Lightweight Cryptography Primitives
Bugs in the reference implementations

In early 2020 as I worked on this library I found some minor bugs in the second round reference implementations of some NIST algorithms. The authors were notified so that the problems could be corrected in the official reference implementations.

This page documents the problems that I found, and the fixes, for the benefit of other implementors. This library implements the fixed version of the algorithms.

# COMET

In the proc_pt and proc_ct code, the first step is to XOR a domain separation value of 0x20 into the rolling Z state:

That will XOR the value into the first byte of the Z state. All other places in the code where domain separation is done XOR's the value into the last byte of the Z state. The above code should instead be:

This bug affects all four versions of COMET.

There was also a problem with carry propagation in the SPECK-64-128 implementation which caused the block cipher to generate different outputs from the standard version of SPECK-64-128. In the encryption phase, the following code appears:

//ct = (ROR(ct, 8) + ct) ^ RK[i]
for(u8 j=0; j<WSZ; j++){
ct_temp[WSZ+j] = (ct[WSZ+((j+1)%WSZ)] + ct[j]);
ct_temp[WSZ+j] += carry;
//set next carry
carry = (ct_temp[WSZ+j] < ct[WSZ+((j+1)%WSZ)]) || (ct_temp[WSZ+j] < ct[j]);
ct_temp[WSZ+j] ^= RK[i*WSZ+j];
}

The line that sets the next carry gives the wrong result if the incoming carry value was 1 and the bytes being added were both 0xFF. The following is the fixed version of "set next carry":

if (carry)
carry = (ct_temp[WSZ+j] <= ct[WSZ+((j+1)%WSZ)]) || (ct_temp[WSZ+j] <= ct[j]);
else
carry = (ct_temp[WSZ+j] < ct[WSZ+((j+1)%WSZ)]) || (ct_temp[WSZ+j] < ct[j]);

# ESTATE

The specification says that if both the associated data and the plaintext are zero-length, then the algorithm should encrypt the nonce with tweak = 8 and then return immediately. The reference code was missing a return statement from the mac() function:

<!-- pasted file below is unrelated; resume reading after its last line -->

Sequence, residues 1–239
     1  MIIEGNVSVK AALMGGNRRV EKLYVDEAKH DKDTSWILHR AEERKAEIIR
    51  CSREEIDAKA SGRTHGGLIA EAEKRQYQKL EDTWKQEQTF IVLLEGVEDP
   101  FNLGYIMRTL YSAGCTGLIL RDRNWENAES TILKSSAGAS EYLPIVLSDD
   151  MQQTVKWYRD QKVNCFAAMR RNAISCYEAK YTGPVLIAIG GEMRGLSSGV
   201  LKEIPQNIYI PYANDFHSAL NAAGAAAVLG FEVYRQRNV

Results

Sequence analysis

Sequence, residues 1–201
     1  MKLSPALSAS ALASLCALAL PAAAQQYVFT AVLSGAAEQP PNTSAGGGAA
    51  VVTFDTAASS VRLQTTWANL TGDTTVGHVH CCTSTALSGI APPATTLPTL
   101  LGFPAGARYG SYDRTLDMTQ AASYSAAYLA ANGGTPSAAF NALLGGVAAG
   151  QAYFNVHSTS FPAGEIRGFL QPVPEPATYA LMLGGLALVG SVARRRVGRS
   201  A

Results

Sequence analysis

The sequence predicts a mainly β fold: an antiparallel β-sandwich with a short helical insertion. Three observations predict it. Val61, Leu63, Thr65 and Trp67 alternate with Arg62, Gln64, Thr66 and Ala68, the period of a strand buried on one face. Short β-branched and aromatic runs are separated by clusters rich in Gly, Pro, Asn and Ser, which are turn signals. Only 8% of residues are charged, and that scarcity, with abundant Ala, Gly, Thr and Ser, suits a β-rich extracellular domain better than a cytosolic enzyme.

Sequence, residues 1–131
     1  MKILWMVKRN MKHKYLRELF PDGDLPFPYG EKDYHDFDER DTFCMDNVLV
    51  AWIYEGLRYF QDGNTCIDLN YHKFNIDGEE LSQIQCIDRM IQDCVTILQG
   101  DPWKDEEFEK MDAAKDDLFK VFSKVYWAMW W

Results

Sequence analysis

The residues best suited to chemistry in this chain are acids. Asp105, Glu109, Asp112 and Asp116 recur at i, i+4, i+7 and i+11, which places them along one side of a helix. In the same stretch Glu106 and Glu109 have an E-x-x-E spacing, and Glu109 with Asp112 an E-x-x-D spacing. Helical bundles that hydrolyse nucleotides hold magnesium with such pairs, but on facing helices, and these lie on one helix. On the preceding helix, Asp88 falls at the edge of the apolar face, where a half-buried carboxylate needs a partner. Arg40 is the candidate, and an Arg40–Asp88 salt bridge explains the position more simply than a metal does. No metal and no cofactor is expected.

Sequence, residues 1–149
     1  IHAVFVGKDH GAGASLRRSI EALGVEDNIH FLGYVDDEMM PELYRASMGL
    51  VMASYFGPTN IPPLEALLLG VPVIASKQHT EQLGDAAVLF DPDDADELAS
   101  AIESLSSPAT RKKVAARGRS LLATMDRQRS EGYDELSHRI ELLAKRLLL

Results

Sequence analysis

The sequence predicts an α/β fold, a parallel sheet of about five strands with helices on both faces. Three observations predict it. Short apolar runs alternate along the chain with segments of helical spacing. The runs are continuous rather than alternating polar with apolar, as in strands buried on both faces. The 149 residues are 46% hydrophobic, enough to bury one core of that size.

...
if(adlen == 0 && ptlen == 0)
{
// generate tag when both ad and pt are empty
twks = 0x08;
return; // <-- MISSING LINE
}
// generate tag when ad and/or pt are non-empty
twks = 0x01;
...

The effect is to completely ignore the conditional code and to start every MAC computation by encrypting the nonce with tweak = 1.

# HYENA

As part of the block operation, HYENA XOR's a 64-bit delta value into the upper half of the 128-bit feedback state:

for(i=8; i<15 ;i++)
{
feedback[i] ^= Delta[i-8];
}

That 15 should be a 16. There are two places in the reference code where this problem occurs, in Feedback_TXT_Enc() and Feedback_TXT_Dec().

# ORANGE

The reference implementation of the PHOTON-256 permutation in ORANGE has some byte order issues in store32() and load32(). The store32() function uses little-endian byte order 0 1 2 3, but the byte order of load32() is mixed up: 2 1 0 3 instead of 0 1 2 3.

This asymmetry means that the reference implementation does not implement PHOTON-256 correctly. Correcting the byte order makes the ORANGE implementation of the permutation give the same results as the PHOTON-Beetle implementation of the permutation.

In the specification of the underlying block cipher, the key schedule "MixAndRotateRows" step contains the following requirement:

The second row R1, third row R2, and fourth row R3 are left-rotated of 8, 15, 18 positions.

The reference implementation has a macro called "left_rotate" to perform this step but it actually performs a right-rotation by n bits instead of a left-rotation:

#define left_rotate(row,n) \
row = (row >> n) | (row << (32-n));

It is debatable as to whether this is a bug or simply a consequence of the bit ordering (left most cells of the row positioned in the least significant bits). From a security perspective, the direction of rotation probably doesn't matter so this issue isn't serious.

The test vectors in the specification were also clearly generated with a right-rotating implementation of the key schedule. This library implements the "bug" as-is.

# SPIX

Section 2.2.6 Finalization of the SPIX specification says that the final tag should be extracted from bytes 7, ..., 15, 24, ..., 31 of the finalized state. That 7 should be an 8 instead. The reference implementation is correct.